The State of Immigration Reform: A shift away from empty promises?

Featured Commentary in La Prensa San Diego

By Nancy Landa

President Obama is right about one thing. As he said in his State of the Union address, “…the time has come to pass comprehensive immigration reform.” A sense of urgency was palpable in his request to Congress to send him an immigration bill in the next coming months as he committed to sign it into law immediately.

Without fail, border security was at the forefront; not only did President Obama embraced it as continued immigration policy, but also referenced it as a success of his administration with illegal crossings reaching their lowest levels in 40 years. It was probably safer for him to focus on such statistic rather than the other historic record he has set and for which he has received criticism by immigration advocates: the number of deportations under his first term, currently at 1.4 million.

It is promising to hear President Obama continues to stand firm on keeping a pathway to citizenship as part of the comprehensive immigration reform package. We are yet to see if Democrats will effectively persuade Republicans to warm-up to the idea of including a pathway to citizenship in an immigration plan, a potential contention point in upcoming rounds of negotiations. On the other hand, President Obama repeated much of the Republican rhetoric when he discussed the laundry list of requirements to “earn” this proposed pathway to citizenship: Get background checks, pay taxes and a significant penalty, as well as learn English.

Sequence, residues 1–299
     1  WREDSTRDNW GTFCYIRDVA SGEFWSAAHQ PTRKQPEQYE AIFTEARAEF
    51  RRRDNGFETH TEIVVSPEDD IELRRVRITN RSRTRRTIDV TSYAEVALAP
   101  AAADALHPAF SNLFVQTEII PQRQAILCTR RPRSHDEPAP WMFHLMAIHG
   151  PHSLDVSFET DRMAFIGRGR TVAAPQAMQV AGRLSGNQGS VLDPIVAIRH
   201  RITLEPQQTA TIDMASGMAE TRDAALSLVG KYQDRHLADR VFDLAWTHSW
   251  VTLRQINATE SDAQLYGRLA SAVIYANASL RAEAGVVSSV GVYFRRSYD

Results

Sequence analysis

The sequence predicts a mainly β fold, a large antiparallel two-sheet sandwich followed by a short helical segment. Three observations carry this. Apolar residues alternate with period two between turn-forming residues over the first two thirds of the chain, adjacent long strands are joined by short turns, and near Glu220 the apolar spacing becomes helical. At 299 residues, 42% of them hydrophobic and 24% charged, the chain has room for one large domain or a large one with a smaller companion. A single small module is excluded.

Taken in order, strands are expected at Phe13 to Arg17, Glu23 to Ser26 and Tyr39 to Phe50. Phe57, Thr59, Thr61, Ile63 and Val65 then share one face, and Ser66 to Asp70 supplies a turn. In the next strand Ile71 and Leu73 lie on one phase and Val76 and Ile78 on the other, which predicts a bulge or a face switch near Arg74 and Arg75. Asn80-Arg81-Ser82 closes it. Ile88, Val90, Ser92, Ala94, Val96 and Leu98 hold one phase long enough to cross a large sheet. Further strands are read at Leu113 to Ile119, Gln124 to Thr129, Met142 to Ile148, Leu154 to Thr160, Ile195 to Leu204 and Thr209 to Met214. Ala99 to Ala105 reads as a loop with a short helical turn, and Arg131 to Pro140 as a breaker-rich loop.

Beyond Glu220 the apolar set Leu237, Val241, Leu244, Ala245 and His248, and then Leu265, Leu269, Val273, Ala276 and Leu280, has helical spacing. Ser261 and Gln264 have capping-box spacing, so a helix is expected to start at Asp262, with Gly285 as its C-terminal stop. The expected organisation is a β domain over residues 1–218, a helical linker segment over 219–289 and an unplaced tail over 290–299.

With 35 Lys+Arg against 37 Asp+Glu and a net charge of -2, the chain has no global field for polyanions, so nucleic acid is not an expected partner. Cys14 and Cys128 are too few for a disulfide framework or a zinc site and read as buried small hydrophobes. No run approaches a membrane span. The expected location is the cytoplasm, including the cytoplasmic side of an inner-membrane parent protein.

As a former undocumented immigrant that faced the legal technicalities which prevented me to adjust my legal status in 20 years, I realized how complex and broken the immigration system really is. Often times I wonder if President Obama and the so-called bipartisan ‘Gang of Eight’ understand such complexity and if their proposals will actually reform a bureaucracy that is flawed in many ways. From visa processing wait times to detention and removal proceedings, the immigration system shows to lack the flexibility, humanity, and pragmatism that add to its dysfunction.

A two minute speech did not give enough room for elaboration aside from what we have already heard from President Obama on what he envisions in an immigration plan. The same can be said for the much anticipated official Republican response from Senator Marco Rubio. Although there are doubts if enough Republican support will be gathered to reach a deal on comprehensive immigration reform, there is no question they have been forced to be more receptive to work with Democrats toward a solution.